California State University, Long Beach
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Faculty, Students Share Research At CSU Biotechnology Symposium

Published: January 14, 2011

Six CSULB faculty mentors and 20 of their students joined colleagues from 21 other California State University campuses to present research on genes, proteins, cancers, crops, water quality and more at the 23rd annual CSU Biotechnology Symposium on Jan. 7 and 8 at the Hyatt Regency Orange County Hotel in Garden Grove.

The event was sponsored by the CSU Program for Education and Research in Biotechnology, which coordinates and supports biotechnology efforts throughout the CSU and serves as its primary liaison to industry and academic partners.

CSULB poster session presenters included:

Jesse Dillon, assistant professor of marine biology, and graduate student Lindsay Darjany, “Development of Novel Stable Isotope Approaches To Evaluate the Fate of Carbon in a Restored Southern California Salt Marsh.”

Elizabeth Eldon, associate professor of biological sciences and undergraduates Ebony Flowers, Giovanna Pozuelos and Claudia Sanchez, “Epithelial migration in Drosophila ovaries.”

Editte Gharakhanian, professor of biological sciences, and undergraduate Florante Ricarte, “Novel genes ENV7, ENV9-11 were uncovered in a genome-wide screen in S. cerevisiae and are involved in vacuolar biogenesis, trafficking and function.” Ricarte is a Glenn M. Nagel Undergraduate Research Award finalist and won a Best Poster in Molecular Biology at the 2010 National Annual Biomedical Research Conference of Minority Students in November in Charlotte, N.C.

Lisa Klig, professor of biological sciences and graduate student Gayani Batugedara and undergraduates Natasha Jackson, Karen Sierra and Eliseo Villarreal, “Effect of salt stress on inositol metabolism in Drosophila melanogaster.”

Among them were six students of Vasanthy Narayanaswami, assistant professor of biochemistry, including Gursharan Bains, a graduate student and a Don Eden Graduate Research Award finalist, “Developing Pyrene Fluorescence as a Powerful Fluorescence Probe to Study Protein Conformation”; Darin Khumsupan, an undergraduate, “High Density Lipoproteins: A Potential Nanovehicle to Transport Bioflavonoids of Therapeutic Value in the Plasma”; undergraduates Muhammad Rafay, Tuyen Tran and Tien Vu, “Optimizing the Expression and Purification of Recombinant Rat Apolipoprotein E”; and Raul Vera, an undergraduate, “Structural Insights into the Conformation of Lipid-bound Human Apolipoprotein E C-terminal Domain.”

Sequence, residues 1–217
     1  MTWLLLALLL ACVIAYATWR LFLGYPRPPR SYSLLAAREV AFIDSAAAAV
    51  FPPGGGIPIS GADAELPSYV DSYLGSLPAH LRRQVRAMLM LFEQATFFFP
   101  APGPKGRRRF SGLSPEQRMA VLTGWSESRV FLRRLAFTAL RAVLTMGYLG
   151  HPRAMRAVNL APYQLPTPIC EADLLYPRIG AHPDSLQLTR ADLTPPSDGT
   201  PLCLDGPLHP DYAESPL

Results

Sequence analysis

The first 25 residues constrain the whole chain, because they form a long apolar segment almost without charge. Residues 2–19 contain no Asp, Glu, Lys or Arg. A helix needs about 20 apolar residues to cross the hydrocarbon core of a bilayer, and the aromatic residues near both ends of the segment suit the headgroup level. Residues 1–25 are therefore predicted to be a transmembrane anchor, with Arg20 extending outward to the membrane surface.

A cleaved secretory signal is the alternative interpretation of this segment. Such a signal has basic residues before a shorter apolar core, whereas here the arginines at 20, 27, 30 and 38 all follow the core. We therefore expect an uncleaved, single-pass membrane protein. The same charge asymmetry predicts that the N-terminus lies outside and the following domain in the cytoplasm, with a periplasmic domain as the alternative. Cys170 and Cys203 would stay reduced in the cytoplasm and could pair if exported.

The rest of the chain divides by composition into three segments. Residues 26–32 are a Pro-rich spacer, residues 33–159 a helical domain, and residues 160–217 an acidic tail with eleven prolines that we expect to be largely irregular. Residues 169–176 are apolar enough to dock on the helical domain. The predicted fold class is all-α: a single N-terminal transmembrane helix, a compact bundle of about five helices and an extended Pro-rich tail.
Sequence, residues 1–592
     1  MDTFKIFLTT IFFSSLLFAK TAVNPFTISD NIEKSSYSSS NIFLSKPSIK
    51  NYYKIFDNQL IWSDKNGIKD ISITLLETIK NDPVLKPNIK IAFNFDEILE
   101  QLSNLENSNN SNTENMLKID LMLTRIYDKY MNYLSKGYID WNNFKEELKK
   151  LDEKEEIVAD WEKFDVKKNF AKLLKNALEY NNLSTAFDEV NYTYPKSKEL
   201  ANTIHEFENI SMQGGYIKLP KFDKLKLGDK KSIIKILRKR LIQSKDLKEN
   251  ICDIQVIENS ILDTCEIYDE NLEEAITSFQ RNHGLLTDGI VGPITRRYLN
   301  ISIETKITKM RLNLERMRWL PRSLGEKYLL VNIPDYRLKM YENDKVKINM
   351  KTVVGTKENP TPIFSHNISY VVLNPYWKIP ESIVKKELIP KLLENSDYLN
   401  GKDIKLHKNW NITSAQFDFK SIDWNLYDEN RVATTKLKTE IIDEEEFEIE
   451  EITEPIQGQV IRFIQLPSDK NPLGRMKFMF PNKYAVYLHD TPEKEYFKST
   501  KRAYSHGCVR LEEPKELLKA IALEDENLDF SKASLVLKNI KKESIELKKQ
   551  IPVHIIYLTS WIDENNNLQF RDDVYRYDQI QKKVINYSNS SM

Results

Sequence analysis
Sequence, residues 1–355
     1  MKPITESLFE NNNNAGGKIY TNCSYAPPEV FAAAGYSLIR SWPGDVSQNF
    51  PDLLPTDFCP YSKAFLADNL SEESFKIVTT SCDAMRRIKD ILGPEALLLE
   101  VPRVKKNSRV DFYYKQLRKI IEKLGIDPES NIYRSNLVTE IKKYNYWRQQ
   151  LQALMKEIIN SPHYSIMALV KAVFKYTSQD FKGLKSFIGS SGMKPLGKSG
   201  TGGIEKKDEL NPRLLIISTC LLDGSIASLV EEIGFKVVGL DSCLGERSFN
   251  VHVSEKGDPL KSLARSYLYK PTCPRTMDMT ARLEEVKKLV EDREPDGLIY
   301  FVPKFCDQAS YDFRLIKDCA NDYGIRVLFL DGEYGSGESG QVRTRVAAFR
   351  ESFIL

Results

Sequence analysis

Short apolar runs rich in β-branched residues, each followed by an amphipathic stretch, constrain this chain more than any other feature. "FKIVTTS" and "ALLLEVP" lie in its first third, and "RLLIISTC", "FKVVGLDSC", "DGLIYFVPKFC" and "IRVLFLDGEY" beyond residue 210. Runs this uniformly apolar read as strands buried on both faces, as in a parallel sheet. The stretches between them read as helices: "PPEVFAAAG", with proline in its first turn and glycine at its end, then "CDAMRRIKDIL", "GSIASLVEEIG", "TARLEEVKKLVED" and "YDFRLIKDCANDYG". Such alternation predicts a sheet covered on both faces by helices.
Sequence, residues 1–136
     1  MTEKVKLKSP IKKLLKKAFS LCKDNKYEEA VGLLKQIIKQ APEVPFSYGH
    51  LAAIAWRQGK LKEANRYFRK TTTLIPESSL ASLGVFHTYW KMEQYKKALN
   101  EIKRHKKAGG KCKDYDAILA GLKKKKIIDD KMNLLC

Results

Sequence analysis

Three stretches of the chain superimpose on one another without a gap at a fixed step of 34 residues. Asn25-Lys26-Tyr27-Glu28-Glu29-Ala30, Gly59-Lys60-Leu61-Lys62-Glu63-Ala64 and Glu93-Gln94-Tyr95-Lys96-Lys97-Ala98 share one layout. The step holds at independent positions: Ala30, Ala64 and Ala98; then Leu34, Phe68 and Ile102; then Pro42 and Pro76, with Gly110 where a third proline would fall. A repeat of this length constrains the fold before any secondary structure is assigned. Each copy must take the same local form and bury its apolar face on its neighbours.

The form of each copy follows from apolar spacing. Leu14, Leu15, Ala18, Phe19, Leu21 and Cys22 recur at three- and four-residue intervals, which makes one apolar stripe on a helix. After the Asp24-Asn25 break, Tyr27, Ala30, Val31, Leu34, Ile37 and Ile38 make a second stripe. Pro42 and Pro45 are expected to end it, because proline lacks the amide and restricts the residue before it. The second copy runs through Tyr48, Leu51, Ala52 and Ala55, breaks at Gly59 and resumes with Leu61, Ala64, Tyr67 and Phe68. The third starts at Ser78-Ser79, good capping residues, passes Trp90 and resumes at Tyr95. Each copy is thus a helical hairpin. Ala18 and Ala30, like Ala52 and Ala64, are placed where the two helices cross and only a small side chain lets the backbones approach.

Eric Sorin, assistant professor of chemistry and biochemistry, and undergraduate student Mona Bakhom, “Investigations of the Folding Dynamics of the RNA Pseudoknot Structural Motif via Massively Parallel Molecular Dynamics.”

Chemical equipment

Paul Weers, associate professor of biochemistry, and graduate student Pankaj Dwivedi, “Role of the 1st and 5th helix in apolipophorin III stability and lipid binding”; Duc Le, “Lysine residues mediate antimicrobial activity of apolipophorin III”, and graduate student Chris Adams and undergraduate Wendy Beck, “The role of C-terminal lysine residues in apoA-I for binding to lipopolysaccharides.”

Approximately 500 CSU students and faculty joined nearly 100 industry professionals, community college representatives and elected officials at the CSU’s major annual event dedicated to developing emerging and future biotechnology researchers in California. The symposium also featured panels of scientists, engineers and journalists addressing healthcare solutions for the developing world, public understanding of human DNA analysis, and the commercialization of life-science innovations.

According to the National Science Foundation, Cal State Long Beach is among the top master’s level universities in the nation in the number of students who go on to earn doctorates in science and engineering.

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–Anne Ambrose